• March 16. Interesting analysis of what Rubio's withdrawl means for the future of the GOP from a centrist Republican perspective. Goodbye, Bushism. When Republican voters rejected Marco Rubio, what they were rejecting was the political synthesis of George W. Bush. nytimes.com|By Ross Douthat.
  • March 13. Political scientist Pippa Norris notes that authoritarian populism is rising in many Western democracies, not just Trump in America. She argues that this is a backlash against cultural change, namely "post-materialism," a theory that emerged in the 1970s. Tho the correlations are clear, I'm somewhat skeptical of this old theory. It's not just Trump. Authoritarian populism is rising across the West. Here's why. Almost half -- 44 percent -- of U.S. non-college graduates approve of having a strong leader unchecked by elections and Congress. washingtonpost.com.
  • March 13. Is economic insecurity or bigotry more important in the Trump vote? 2 current analyses. 2nd one says it's mainly bigotry: "[Trump voters] feel dislocated economically and socially alike. Struggling in the post-recession economy and drawn to traditional authority, they're attracted to a populist outsider who offers strong anti-establishment credentials, protection against competing groups and a potent stance against the current social and political climate." . The Roots of Trumpismo: Populism and Pushback. What is support for Donald Trump all about?. abcnews.go.com|By ABC News.
  • March 13. Is economic insecurity or bigotry more important in the Trump vote? 2 current analyses. 1st one says it's mainly economic insecurity: "Trump counties are places where white identity mixes with long-simmering economic dysfunctions. ..[these counties] have largely missed the generation-long transition of the United States away from manufacturing and into a diverse, information-driven economy deeply intertwined with the rest of the world." . The Geography of Trumpism. A look at the counties that have a high level of support for Donald Trump shows the factors that predict his popularity. nytimes.com|By Neil Irwin and Josh Katz.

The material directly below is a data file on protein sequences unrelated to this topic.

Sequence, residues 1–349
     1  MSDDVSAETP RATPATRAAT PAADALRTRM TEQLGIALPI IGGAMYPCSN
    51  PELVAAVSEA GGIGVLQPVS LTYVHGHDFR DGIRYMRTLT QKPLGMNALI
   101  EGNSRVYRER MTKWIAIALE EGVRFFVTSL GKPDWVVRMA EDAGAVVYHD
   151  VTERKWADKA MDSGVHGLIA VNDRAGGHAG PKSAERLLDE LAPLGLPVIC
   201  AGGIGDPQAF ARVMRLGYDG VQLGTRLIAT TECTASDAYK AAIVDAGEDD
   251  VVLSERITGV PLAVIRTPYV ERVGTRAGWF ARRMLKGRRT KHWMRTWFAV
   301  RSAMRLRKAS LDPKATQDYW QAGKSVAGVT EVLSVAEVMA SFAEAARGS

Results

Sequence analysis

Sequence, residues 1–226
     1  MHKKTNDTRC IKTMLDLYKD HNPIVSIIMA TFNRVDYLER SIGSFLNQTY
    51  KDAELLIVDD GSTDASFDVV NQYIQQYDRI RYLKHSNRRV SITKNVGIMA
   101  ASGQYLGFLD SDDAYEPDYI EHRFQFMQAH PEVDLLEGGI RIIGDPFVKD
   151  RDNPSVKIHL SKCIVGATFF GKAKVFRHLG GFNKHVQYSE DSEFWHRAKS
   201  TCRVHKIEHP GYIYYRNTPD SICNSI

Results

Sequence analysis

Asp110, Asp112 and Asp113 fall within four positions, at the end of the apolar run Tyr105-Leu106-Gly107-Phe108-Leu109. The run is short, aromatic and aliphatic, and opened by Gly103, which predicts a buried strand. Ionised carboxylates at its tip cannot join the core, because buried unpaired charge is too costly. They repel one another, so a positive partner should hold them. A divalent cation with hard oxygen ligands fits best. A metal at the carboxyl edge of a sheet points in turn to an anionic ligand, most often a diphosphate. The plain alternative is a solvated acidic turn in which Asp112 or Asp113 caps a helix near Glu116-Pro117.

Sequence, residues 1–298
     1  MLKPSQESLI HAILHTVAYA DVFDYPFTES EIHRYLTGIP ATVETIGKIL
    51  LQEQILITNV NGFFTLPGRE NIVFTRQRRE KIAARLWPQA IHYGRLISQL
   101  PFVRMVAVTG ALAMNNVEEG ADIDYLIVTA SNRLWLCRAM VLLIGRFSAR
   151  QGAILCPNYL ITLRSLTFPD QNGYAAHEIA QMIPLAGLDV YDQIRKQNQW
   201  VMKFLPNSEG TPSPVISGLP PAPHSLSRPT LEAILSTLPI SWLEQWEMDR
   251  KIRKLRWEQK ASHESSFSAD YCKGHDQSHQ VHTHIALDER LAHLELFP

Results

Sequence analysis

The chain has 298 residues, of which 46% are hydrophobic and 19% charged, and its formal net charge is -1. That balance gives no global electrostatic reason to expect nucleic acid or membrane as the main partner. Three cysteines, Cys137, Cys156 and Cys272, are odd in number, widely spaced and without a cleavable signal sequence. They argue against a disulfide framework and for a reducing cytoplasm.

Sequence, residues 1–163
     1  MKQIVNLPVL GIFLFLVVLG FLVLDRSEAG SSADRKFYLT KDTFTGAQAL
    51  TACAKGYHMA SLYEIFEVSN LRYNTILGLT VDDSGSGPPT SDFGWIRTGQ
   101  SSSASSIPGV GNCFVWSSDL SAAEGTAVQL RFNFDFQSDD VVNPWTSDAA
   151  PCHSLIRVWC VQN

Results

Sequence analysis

• March 10. Tom Edsall is one of the smartest social/political analysts out there. Here's his take on the situation at present. Donald Trump, the Winning Wild Card. Trump has ripped open the Republican party, but his success so far is the natural result of the primary process, not a corruption of it. nytimes.com|By Thomas B. Edsall.
  • March 10. Good analysis of Tuesday's primaries in Michigan, Mississippi, etc. Primary Night Takeaways: Hillary Clinton Is Shaken and Donald Trump Roars Back. Tuesday's elections could have brought clarity to the race, but they only seemed to confirm that both parties will probably settle their nominations by battling for…. nytimes.com|By Alexander Burns.
  • March 10. How Sanders cut into Clinton's lead in Michigan, and what it means going forward. Interestingly, his gains came among the Obama coalition of minorities and young people. Still to be determined whether that will be enough for him, whether Clinton will adjust her appeal to counter it, or what. Three clear lessons from Sanders's big Michigan upset. The Democratic Party should be listening more to his supporters. washingtonpost.com.
  • March 10. Nice detailed maps of the primaries, ongoing, shows counties within states for each party. Detailed Maps of Where Trump, Cruz, Clinton and Sanders Have Won. A county-by-county look at where the presidential candidates have the strongest support. nytimes.com.
  • March 10. EJ's analysis of the Michigan primary: voter revolt in both parties. Michigan voters revolt against the party establishments. The political crisis is especially acute in the GOP. washingtonpost.com|By E.J. Dionne, Jr.
  • March 6. Interesting historical analysis of the tensions within the Republican party that threaten to break it up. This is how the GOP imploded: The real story behind the conservative crack-up, and the creation.. Donald Trump used right-wing rhetoric to steal the conservative base. But this crack-up has been a long time coming. salon.com|By Heather Cox Richardson.
  • March 6. Mr. Trump's appeal to blue-collar voters, mostly whites, is driving his popularity in Michigan, where he has a polling lead ahead of the Republican primary on Tuesday. And these same voters, who historically supported Democrats, are at the core of his strategy for winning the general election and turning Democratic-leaning Rust Belt states back into the red column. Michigan Primary Puts Donald Trump's Rust Belt Strategy to a Test. Mr. Trump, who attracts blue-collar voters by promising a 35 percent tariff, has pledged to be the Republican presidential candidate who brings industrial states back into the…. nytimes.com|By Trip Gabriel.